Being able to toggle Feature Labels ON or OFF independent of the associated line symbology is a useful feature. For example, if you want Roads to be less prominent on your map, try checking Roads Reference Lines OFF, VTD and Block Census Lines ON, and Roads Feature Labels ON. Road markers and names remain to help orient your map, but the wide lines disappear.
Data Labels is District Explorer's second method for showing Census demographics on the interactive map (the other is Value Ramp). Future releases will extend the Data Labels feature to include more choices for labeling your map. The "set" link will open a dialog to customize what is labeled. Currently, the default setting (Total Population, 2010 Census) is the only choice.
The default Data Labels setting is Total Population from the 2010 Census. Map Scale determines which Census geographies are labeled:
A text box at the bottom of the Layers Manager shows the Map Scale of your interactive map. District Explorer can show map scales as wide as 1:4,500,000 and as close as 1:1,000. A Map Scale of 1:1,000 means one inch (or centimeter if you prefer) on the screen covers 1,000 inches (or centimeters) on the ground. As you zoom in, the number gets smaller. As you zoom out, the number gets larger.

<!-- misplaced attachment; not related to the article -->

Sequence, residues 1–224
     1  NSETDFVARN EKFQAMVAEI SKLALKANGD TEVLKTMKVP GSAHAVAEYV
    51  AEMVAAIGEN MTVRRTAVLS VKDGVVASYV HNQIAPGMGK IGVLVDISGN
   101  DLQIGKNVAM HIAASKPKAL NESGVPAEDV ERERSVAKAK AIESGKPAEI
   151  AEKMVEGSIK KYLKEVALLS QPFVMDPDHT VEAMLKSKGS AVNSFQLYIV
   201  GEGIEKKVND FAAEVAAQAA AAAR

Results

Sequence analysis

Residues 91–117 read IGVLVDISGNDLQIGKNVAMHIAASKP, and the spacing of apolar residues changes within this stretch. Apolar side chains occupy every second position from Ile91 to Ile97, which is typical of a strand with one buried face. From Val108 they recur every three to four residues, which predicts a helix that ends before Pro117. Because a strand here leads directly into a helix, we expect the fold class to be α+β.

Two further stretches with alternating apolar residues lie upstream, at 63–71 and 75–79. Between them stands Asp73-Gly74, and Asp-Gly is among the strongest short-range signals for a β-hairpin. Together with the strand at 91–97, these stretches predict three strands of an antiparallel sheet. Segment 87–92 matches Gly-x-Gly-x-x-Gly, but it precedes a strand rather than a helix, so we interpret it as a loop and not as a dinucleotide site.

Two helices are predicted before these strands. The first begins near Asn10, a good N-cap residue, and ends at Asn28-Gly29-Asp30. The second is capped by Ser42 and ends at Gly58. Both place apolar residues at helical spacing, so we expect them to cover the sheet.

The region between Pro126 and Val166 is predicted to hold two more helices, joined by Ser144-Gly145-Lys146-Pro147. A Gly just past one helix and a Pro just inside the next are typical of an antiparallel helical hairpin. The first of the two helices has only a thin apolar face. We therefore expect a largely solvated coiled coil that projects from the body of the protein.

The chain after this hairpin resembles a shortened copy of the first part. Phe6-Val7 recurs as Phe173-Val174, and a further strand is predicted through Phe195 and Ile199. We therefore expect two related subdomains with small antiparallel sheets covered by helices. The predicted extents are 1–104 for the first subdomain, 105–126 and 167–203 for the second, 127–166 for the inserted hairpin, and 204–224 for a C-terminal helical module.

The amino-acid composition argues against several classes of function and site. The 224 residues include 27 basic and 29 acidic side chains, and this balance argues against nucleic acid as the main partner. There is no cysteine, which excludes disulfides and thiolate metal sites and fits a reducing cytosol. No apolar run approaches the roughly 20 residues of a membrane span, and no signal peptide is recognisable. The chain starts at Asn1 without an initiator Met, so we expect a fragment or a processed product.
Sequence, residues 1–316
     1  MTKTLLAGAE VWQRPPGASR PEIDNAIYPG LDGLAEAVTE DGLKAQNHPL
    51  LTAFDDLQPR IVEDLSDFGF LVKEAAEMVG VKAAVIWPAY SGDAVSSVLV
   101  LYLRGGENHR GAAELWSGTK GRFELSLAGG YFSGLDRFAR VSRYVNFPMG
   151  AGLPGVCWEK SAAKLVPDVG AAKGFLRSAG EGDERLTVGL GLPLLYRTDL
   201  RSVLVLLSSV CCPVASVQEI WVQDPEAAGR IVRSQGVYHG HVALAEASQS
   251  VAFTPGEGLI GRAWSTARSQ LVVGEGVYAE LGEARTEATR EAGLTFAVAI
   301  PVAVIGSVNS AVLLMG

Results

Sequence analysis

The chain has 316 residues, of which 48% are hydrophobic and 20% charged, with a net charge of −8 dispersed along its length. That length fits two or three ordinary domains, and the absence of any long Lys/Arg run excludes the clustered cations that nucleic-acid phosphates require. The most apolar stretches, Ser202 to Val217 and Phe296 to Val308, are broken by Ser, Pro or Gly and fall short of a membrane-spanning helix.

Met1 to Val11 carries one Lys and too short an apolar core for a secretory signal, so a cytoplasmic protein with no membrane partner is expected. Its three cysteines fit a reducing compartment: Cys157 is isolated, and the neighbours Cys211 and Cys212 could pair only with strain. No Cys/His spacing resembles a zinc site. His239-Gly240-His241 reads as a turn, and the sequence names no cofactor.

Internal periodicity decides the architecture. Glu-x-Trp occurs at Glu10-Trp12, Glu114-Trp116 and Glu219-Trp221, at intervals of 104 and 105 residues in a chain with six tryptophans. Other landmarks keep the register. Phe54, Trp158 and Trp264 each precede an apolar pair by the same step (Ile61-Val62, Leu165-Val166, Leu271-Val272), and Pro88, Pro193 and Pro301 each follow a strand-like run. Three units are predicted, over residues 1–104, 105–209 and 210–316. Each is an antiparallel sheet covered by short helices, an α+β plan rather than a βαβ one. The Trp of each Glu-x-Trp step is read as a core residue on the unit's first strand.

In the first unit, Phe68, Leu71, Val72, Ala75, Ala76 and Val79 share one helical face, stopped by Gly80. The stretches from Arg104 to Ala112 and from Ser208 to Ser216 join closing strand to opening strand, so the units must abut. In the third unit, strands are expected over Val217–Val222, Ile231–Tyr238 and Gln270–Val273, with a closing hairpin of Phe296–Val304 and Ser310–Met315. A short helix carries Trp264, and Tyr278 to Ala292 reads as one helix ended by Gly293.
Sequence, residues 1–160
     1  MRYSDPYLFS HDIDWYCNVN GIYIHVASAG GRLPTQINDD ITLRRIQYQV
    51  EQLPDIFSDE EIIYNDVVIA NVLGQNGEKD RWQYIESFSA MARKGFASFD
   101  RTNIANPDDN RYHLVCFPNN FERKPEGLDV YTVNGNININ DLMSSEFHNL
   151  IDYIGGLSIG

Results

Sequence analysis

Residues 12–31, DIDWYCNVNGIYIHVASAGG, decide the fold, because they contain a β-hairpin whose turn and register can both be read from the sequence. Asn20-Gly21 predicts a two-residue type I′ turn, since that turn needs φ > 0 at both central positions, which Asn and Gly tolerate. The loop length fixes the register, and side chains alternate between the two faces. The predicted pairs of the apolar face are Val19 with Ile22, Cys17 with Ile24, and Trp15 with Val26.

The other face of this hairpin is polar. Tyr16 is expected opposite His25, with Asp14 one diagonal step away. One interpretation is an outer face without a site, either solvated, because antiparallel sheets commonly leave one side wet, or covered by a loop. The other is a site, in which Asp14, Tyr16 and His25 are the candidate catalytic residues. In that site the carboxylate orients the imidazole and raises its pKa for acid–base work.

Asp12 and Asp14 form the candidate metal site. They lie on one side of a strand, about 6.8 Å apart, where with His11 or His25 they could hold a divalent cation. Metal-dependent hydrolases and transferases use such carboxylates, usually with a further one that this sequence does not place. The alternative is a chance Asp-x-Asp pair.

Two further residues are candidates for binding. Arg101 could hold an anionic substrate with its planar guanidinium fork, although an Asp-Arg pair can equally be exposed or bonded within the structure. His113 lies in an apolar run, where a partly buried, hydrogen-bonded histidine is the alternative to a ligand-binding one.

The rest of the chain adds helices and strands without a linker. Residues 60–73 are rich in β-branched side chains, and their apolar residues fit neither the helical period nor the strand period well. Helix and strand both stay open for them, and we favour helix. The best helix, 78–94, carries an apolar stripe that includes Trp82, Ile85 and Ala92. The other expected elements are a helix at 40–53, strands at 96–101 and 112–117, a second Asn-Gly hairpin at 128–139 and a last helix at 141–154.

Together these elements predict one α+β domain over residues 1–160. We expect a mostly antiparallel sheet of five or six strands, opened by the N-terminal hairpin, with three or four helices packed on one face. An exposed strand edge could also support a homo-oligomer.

As you zoom in and out of the interactive map, you see different map detail. What appears is controlled by: (1) which layers are toggled ON or OFF and (2) the Map Scale. Practice zooming in and out with different layers toggled ON or OFF to discover how District Explorer presents its vast store of geographic and demographic information on the Interactive Map.
You can type a number between 1000 and 4500000 in the text box. The interactive map will zoom to the scale you enter.Back to top
The Toolbar is in the upper left corner of the interactive map. It includes tools to navigate the interactive map, query Census data, measure distances, print maps (PDF), view the legend, view this Help manual, and get aerial images from Google Maps.